164 It   is important to continue to develop sustainable solutions based on people’s
      strategies (return to the area of origin, relocation to another area, integration into
      settlements around sites and camps).

165 Recommendation 4
      The mechanisms for implementing and withdrawing Clusters need to be revised, and
      the relations between the national and sub-national levels need to be rethought
      » OCHA, IASC, ERC


166 The mechanisms for activating and de-activating Clusters need to be clarified with
      regard to coordination needs and with regard to the relations between humanitarian
      action, LRRD, risk reduction and the effects of weak development. They also
      need to be clarified to take into account the diversity of territorial issues. It is to
      be encouraged that coordination will primarily take place between the capital and



       Executive Summary   Introduction   Method   Background   Findings   Conclusions   Recommendations
                                                                                                          46


      the field and that Abéché’s “hub” role is being drastically reduced. This will make
      it easier to consider the deployment of certain Clusters in other regions (Food
      security,	Nutrition	and	WASH	Clusters	in	Kanem	region,	for	example).

167   Recommendation 5
      Each Cluster needs to manage difficulties and issues related to the humanitarian
      environment (insecurity, presence of the MINURCAT and of the DIS) more effectively
      » OCHA, MINURCAT and DPKO


168 The   interactions between coordination, security and action need to be analysed
      more effectively. Clusters must not become a tool for collecting information and
      producing reports for Cluster Lead agencies who no longer have access to the field.

169 The    role of the MINURCAT also needs to be clarified with regard to the
      humanitarian coordination system in general and specifically within the Cluster
      system. Coordination with the MINURCAT on “technical” subjects should go
      through the right channels. Interaction is possible via a number of mechanisms
      (HLU, certain Clusters that MINURCAT is a member of, CIMIC, “QIP”
      committee) but this leads to confusion and the risk of incoherence.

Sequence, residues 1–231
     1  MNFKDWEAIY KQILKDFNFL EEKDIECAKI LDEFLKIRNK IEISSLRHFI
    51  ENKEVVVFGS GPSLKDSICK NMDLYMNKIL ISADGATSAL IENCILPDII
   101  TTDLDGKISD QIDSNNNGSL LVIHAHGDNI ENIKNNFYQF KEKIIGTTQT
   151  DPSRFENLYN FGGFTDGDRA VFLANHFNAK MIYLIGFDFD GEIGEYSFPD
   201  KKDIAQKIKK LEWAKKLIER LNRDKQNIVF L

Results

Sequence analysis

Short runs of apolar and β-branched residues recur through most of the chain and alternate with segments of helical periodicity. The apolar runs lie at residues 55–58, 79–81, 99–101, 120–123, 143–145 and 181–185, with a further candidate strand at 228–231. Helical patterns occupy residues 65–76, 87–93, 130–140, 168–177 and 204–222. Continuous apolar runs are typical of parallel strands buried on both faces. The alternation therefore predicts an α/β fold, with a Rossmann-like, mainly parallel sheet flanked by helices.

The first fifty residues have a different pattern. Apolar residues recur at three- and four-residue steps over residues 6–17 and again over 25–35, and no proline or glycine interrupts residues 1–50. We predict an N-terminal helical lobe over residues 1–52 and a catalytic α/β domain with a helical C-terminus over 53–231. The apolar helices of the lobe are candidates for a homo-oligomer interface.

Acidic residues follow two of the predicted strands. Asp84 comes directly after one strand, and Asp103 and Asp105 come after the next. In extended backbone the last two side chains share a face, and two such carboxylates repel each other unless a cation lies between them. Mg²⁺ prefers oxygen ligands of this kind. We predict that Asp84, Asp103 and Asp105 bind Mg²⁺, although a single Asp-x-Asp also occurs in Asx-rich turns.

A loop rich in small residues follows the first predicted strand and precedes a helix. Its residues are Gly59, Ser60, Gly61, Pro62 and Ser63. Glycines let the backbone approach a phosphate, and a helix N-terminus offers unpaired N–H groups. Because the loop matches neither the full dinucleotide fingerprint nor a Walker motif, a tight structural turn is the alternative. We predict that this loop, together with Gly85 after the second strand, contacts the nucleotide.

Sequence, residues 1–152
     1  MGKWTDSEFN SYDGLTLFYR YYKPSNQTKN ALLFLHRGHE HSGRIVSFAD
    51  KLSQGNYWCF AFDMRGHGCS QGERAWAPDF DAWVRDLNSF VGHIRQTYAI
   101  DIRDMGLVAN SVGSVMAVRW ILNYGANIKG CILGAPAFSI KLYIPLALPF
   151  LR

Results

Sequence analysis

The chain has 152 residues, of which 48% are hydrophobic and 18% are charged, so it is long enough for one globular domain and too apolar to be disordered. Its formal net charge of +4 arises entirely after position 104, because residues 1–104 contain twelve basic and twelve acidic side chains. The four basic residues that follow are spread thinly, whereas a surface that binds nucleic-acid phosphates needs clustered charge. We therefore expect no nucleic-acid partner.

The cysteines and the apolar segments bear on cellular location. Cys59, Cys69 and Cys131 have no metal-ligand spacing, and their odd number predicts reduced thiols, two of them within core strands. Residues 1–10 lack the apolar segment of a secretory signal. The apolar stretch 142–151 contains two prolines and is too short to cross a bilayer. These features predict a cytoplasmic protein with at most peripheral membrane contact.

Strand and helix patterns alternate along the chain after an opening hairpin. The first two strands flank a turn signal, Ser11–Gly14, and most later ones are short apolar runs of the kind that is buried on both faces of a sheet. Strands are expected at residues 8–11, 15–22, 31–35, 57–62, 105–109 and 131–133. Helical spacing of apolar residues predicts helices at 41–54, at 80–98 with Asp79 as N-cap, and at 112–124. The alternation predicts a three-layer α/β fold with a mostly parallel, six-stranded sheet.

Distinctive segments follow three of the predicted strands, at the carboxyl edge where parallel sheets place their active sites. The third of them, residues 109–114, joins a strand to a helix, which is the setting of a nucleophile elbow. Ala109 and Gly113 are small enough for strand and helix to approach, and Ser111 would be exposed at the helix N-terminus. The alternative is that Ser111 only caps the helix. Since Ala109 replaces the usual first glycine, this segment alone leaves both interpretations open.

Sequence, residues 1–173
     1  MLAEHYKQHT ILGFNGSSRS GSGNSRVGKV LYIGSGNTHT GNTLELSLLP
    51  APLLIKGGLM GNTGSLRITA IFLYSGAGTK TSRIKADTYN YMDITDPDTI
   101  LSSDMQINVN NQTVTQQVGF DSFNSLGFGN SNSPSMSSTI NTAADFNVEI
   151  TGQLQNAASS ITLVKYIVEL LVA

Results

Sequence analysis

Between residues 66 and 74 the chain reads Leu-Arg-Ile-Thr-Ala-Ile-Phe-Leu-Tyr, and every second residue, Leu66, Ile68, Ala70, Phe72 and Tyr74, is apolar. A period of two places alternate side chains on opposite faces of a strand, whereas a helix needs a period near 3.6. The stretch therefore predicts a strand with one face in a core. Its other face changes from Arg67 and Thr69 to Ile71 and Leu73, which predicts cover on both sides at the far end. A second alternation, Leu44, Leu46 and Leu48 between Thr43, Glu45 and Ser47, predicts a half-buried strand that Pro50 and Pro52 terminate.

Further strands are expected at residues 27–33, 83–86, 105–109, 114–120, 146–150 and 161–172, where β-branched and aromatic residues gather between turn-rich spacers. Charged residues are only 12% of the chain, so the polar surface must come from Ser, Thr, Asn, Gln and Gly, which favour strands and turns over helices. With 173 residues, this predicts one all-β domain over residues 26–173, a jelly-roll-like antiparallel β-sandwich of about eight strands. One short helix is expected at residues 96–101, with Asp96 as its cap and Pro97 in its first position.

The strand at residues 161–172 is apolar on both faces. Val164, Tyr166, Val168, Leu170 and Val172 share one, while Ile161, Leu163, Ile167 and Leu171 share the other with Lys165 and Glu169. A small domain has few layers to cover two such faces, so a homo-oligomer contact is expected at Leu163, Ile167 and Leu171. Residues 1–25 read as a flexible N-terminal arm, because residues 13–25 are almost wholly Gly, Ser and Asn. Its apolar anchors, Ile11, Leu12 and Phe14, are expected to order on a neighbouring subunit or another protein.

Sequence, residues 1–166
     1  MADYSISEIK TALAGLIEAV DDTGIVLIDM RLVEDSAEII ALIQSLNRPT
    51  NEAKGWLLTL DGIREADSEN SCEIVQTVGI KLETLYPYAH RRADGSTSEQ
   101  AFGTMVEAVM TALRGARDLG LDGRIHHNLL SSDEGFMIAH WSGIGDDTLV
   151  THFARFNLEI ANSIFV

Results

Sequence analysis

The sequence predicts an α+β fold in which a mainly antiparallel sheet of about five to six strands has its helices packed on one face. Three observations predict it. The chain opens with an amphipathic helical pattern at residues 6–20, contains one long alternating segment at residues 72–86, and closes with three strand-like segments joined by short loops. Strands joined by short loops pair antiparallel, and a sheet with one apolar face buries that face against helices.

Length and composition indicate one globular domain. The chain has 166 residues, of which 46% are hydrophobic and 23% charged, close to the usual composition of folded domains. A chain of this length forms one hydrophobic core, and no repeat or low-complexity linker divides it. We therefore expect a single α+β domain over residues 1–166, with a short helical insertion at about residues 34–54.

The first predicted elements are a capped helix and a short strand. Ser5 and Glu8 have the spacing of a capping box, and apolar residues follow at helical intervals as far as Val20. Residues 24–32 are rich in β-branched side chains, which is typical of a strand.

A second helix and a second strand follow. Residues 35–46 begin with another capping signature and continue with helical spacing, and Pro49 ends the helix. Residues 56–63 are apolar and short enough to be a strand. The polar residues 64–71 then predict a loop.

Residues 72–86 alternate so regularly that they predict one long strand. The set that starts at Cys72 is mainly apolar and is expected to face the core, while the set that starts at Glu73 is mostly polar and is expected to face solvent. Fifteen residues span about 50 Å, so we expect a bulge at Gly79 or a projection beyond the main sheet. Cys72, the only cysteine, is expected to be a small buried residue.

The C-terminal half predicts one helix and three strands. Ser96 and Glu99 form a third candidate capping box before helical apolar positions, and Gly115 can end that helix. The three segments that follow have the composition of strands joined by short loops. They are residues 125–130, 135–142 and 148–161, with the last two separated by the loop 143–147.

170   Recommendation 6
      Improve interaction between funding mechanisms and Clusters.

    I
171		 t	is	important	that	the	financial	relationships	which	exist	within	certain	Clusters	
      between the Lead agency, which receives the funds, and NGOs, should not
      be allowed to become relationships of domination which are contrary to the
      “Principles of Partnership”. Care needs to be taken to make sure that participation
      in a Cluster is not seen simply as a way of gaining access to funds, as this would
      distort the way they functioned (for Cluster Lead agencies and NGOs).

172   Cluster coordinators should encourage members to speak openly at meetings.
      With regard to the interaction between Clusters and funding mechanisms (CAP,
      CERF, etc.), Clusters should continue to be a place for discussing strategic issues,
      making decisions about priorities in terms of needs and areas for operations and
      defining criteria for the selection of projects. The way projects are selected and
      financial decisions are made should be made more transparent (by systematically
      communicating the results of these processes to Cluster members).




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                                                                                                           47


173   Recommendation 7
      Improve the way multi-sector issues are taken into account at the field level
      (geographical coordination, which is multi-sector by nature) and at the central
      and strategic level
      » all


    T
174		 o	improve	multi-sector	capacity,	exchange	and	coordination	need	to	be	reinforced	at	
      the	infra	levels	of	the	system,	which	is	where	information	is	exchanged	and	solutions	
      to multi-dimensional issues are identified (problem-based versus sector-based). The
      question of people returning to their places of origin also needs to be managed as an
      inter-Cluster issue. As such, strong links need to be established with the database
      created by the UNHCR so that it really becomes an inter-agency database.

175   Recommendation 8
      Improve the way that cross-cutting issues are taken into account.
      » all


176   The analysis of diversity needs to be improved (Age, Gender and Diversity) and
      needs to be taken into account at the operational level. Environmental issues related
      to the humanitarian situation and the presence of aid must be taken into account
      operationally by each Cluster and not only in relation to Early Recovery. There